Alzheimer’s and dementia are complex health conditions, and new treatments and health care system barriers add to this complexity. Coordinated care for individuals living with Alzheimer’s is fragmented or absent in most settings, particularly in primary care. 

To encourage and improve coordinated care, several dementia care navigation programs have been developed. These programs have shown to improve health outcomes, reduce emergency room visits, lower hospital readmissions, shorten hospital stays, and reduce delays in long-term care placement. In addition, effective care coordination has improved the quality of life for the person living with Alzheimer's or other dementia and their care partners. 

Programs to improve patient care

Dementia care navigators play a central and critical role in these care coordination efforts. These navigators may sometimes provide clinical care, but they partner with patients to help them navigate the complex health care system and treatment landscape.

To encourage and implement more coordinated care models across the country for people living with Alzheimer’s and other dementia, the Alzheimer’s Association formed an expert workgroup of researchers to create a definition of consistent dementia care navigation and to identify evidence-based principles to provide framework and standards for dementia care navigation. 

Published in Alzheimers & Dementia: Translational Research and Clinical Interventions (TRCI), the expert workgroup outlined seven essential principles for dementia care navigation, which emphasize person-centered care. According to the workgroup, dementia care navigation should:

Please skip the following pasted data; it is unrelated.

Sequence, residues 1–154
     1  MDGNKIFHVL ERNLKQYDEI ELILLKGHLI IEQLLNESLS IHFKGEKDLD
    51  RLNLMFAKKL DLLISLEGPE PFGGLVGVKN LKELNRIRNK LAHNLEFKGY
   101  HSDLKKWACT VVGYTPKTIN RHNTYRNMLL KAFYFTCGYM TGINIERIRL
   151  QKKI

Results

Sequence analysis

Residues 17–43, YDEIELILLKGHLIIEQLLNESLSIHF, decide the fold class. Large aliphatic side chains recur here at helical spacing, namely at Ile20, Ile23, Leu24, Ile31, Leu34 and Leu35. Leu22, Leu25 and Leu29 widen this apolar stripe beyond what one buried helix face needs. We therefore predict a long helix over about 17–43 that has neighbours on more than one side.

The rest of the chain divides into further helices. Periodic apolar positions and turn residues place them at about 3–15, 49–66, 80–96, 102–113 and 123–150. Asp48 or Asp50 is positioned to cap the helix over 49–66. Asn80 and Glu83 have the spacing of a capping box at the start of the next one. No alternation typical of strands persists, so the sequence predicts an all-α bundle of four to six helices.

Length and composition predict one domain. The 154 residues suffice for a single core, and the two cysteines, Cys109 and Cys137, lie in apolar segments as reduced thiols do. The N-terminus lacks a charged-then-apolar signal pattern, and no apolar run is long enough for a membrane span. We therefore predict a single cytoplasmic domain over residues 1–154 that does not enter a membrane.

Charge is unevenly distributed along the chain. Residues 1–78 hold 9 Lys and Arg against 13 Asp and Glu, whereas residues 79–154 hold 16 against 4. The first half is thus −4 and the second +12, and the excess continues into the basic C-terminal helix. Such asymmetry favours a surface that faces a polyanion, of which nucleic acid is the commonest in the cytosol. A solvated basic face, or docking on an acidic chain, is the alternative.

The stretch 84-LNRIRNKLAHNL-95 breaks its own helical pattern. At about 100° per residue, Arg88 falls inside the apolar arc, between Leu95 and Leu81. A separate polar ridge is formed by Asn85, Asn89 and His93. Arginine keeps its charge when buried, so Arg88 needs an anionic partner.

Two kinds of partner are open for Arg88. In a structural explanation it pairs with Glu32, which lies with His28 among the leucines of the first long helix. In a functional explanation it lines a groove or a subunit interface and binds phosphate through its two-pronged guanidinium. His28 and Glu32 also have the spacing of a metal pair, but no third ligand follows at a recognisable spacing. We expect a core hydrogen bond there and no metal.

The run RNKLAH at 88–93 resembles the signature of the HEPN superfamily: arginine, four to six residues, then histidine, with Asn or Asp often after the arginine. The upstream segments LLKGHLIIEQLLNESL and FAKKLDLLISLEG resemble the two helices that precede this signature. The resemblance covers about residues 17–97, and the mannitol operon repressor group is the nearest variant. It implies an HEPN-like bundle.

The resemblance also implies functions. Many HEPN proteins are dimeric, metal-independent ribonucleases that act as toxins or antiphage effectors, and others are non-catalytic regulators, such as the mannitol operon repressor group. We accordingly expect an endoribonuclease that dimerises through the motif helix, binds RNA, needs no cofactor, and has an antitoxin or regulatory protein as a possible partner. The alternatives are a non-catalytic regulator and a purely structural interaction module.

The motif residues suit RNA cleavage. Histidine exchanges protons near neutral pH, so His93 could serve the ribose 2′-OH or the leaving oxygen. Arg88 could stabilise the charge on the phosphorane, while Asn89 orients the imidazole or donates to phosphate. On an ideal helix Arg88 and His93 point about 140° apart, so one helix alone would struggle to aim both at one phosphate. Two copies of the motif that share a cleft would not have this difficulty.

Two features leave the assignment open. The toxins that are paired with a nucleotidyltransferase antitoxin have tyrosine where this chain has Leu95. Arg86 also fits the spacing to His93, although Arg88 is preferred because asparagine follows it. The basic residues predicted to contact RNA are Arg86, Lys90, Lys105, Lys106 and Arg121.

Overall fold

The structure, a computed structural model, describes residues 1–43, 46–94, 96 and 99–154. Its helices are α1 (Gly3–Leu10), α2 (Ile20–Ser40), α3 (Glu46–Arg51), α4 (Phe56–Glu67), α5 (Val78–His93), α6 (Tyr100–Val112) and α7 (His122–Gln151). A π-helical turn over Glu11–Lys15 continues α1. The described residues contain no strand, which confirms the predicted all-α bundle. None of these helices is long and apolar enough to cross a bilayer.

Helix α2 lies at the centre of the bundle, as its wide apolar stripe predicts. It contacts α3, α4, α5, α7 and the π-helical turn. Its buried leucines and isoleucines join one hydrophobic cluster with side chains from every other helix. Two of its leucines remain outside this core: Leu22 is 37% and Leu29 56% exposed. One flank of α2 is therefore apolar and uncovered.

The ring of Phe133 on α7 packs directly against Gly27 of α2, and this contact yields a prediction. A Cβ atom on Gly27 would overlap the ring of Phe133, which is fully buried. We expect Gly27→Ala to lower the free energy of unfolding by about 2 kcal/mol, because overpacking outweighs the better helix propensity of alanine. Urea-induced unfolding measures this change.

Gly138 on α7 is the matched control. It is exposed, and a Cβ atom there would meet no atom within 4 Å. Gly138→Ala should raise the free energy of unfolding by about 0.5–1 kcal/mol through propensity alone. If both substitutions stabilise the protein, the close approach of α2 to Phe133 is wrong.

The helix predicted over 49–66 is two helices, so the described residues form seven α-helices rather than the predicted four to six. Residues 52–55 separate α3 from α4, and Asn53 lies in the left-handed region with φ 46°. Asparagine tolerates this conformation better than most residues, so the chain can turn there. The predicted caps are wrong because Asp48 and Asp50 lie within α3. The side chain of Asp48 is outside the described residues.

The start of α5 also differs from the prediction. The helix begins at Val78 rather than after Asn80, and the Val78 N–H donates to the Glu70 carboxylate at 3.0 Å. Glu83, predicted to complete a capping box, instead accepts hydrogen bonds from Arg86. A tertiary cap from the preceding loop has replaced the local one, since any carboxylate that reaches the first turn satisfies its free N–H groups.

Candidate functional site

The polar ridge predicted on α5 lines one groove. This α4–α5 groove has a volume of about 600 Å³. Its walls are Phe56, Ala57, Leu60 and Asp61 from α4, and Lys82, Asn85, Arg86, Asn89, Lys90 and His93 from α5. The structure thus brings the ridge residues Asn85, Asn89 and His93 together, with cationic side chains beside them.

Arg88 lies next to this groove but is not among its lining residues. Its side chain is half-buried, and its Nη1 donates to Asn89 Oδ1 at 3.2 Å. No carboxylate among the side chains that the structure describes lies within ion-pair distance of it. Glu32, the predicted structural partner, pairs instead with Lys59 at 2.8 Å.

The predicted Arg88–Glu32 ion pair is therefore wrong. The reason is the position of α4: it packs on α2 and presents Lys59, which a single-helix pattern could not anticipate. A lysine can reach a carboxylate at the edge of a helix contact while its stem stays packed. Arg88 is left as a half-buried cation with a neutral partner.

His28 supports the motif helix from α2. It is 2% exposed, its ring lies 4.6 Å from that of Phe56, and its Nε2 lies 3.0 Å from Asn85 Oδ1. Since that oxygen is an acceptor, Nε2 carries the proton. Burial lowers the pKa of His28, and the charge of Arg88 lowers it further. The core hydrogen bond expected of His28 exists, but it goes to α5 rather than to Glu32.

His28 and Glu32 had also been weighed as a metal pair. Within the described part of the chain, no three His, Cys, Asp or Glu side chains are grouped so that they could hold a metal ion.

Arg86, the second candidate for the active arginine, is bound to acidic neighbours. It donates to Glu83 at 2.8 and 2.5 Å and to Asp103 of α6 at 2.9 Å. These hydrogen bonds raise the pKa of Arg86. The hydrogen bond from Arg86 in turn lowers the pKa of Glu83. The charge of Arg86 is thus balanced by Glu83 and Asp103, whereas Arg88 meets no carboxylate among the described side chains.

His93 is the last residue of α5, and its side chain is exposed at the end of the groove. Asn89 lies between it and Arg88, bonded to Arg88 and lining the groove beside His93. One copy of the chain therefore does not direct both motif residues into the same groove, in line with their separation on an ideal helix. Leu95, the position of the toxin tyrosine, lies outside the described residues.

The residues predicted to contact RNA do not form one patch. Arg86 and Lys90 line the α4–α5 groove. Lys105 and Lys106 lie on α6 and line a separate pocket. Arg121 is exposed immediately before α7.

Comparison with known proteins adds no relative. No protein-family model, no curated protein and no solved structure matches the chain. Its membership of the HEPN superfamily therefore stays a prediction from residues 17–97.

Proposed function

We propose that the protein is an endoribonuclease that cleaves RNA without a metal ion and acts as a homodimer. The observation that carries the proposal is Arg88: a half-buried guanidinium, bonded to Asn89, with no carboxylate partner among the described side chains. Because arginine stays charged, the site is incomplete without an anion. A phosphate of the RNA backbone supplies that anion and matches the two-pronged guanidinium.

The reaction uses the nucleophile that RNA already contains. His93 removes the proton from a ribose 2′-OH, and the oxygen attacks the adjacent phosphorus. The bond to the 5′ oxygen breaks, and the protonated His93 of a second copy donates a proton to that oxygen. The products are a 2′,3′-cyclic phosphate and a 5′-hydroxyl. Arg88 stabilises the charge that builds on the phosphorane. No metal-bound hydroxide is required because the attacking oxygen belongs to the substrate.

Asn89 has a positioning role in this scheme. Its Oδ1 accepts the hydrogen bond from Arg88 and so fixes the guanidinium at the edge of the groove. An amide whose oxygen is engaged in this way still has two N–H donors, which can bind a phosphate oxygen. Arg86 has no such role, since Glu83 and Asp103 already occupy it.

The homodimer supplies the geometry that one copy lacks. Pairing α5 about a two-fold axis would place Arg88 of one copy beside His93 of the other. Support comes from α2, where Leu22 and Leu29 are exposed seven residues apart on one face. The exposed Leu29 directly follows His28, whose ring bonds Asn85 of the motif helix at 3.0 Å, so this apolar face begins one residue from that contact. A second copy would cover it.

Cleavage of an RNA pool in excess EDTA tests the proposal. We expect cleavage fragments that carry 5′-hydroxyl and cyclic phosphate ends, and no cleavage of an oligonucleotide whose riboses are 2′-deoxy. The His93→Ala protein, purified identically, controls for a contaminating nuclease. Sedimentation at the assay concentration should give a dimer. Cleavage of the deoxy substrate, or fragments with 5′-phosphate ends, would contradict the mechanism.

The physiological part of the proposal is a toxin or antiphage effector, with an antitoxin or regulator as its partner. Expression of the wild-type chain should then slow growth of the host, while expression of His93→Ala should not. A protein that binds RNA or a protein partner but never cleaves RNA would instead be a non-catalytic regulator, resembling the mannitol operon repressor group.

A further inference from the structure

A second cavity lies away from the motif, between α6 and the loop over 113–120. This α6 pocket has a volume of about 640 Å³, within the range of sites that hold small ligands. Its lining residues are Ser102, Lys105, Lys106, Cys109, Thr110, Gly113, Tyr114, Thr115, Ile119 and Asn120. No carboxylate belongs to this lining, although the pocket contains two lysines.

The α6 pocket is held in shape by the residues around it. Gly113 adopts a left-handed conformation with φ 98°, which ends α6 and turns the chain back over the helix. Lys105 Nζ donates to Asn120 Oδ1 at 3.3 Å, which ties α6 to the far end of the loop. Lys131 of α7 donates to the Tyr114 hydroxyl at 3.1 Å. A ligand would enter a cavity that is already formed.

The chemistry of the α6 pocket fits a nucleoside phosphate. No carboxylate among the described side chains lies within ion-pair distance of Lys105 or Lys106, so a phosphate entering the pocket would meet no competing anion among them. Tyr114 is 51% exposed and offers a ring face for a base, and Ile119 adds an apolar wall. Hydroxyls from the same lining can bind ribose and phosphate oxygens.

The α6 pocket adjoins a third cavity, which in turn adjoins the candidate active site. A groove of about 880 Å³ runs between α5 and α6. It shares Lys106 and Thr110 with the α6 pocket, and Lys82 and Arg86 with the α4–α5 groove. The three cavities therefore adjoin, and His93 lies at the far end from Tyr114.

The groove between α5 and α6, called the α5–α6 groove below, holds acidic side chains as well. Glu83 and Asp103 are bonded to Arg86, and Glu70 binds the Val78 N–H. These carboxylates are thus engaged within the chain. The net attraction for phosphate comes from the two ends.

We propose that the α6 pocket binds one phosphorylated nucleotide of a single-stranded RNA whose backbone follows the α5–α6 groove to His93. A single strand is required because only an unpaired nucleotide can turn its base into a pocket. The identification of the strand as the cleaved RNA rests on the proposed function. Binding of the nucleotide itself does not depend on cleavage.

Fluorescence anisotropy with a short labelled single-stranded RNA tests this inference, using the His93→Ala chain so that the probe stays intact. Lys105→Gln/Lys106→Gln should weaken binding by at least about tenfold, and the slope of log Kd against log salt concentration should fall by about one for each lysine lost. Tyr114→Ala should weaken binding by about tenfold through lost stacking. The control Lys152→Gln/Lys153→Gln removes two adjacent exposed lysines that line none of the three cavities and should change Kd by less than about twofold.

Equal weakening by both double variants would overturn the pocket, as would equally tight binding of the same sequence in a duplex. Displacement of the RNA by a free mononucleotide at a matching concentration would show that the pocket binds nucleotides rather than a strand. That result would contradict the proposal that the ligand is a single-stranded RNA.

1. Be person- and family-centered to ensure collaboration and enhance engagement.  
  2. Be culturally responsive and address disparities in access to health care and support services. 
  3. Include well-defined roles and responsibilities for all members of the dementia care navigation team.  
  4. Address barriers relating to medical, legal, financial,emotional and other domains facing the person living with dementia and their care partners. 
  5. Provide coaching, education, and coordination in a manner that is empowering, solution-focused, and strengths-based. 
  6. Focus on the family unit as defined by the person living with dementia. 
  7. Ensure processes and protocols are evidence-based.

Dementia Care Navigation Roundtable

With this framework and standards in place, the Alzheimer’s Association leads a Dementia Care Navigation Roundtable of health systems, payers and dementia experts to establish consistent processes and protocols for dementia care navigation.

The Roundtable is building off the established principles and gathering more evidence to provide guidelines to align patient navigation programs. This workgroup defines the need for dementia care navigators and provides best practices for how to implement this framework in all care settings.

For more information

For additional details about the Dementia Care Navigation Guiding Principles, please email